Search Tools


 
But if ye have respect to persons, ye commit sin, and are convinced of the law as transgressors.
For whosoever shall keep the whole law, and yet offend in one point, he is guilty of all.
For he that said, Do not commit adultery, said also, Do not kill. Now if thou commit no adultery, yet if thou kill, thou art become a transgressor of the law.
So speak ye, and so do, as they that shall be judged by the law of liberty.

New Defender's Study Bible Notes

2:8 according to the scripture. This law was first set forth in Scripture in Leviticus 19:18. It was cited by Christ as a parallel law to that of loving God (Matthew 22:39; Mark 12:31; Luke 10:27). It is also quoted in Matthew 5:43; 19:19; and Galatians 5:14 (where Paul says it sums up the whole body of the Mosaic laws as they deal with human behavior and relationships). Thus the Bible cites it specifically eight times. No wonder it is called the royal law.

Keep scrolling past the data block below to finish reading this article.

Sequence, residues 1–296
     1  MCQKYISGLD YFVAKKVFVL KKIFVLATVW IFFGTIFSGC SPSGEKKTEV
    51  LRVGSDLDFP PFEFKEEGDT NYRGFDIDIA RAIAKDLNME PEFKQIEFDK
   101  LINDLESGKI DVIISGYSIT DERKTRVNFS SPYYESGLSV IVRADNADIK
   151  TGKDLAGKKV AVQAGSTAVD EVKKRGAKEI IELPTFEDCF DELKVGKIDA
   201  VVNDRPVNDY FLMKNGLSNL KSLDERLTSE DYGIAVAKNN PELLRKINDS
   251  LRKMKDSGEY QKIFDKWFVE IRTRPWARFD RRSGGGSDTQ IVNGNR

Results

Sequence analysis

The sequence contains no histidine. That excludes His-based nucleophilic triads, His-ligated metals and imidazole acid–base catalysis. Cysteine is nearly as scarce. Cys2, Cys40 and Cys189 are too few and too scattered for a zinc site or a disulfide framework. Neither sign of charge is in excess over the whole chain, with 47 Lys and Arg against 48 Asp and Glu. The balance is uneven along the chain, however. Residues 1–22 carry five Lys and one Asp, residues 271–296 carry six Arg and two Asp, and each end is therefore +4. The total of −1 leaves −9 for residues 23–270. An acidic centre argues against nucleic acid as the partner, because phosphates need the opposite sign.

2:10 offend in one point. James no doubt realized that his Jewish readers, accustomed as they had been to trusting in the law for salvation, needed to realize fully that they could never be justified before God by keeping the law, since no one could ever keep it perfectly. Not only Jews, however, but all men need to realize that they can never be saved by their good works (Ephesians 2:8-9; Romans 4:5; Galatians 2:16). One unforgiven sin is enough for condemnation.


2:12 law of liberty. This felicitous phrase is used only by James (see also James 1:25). Liberty is not license, but is freedom in Christ, under grace and the law of Christian love.


About the New Defender's Study Bible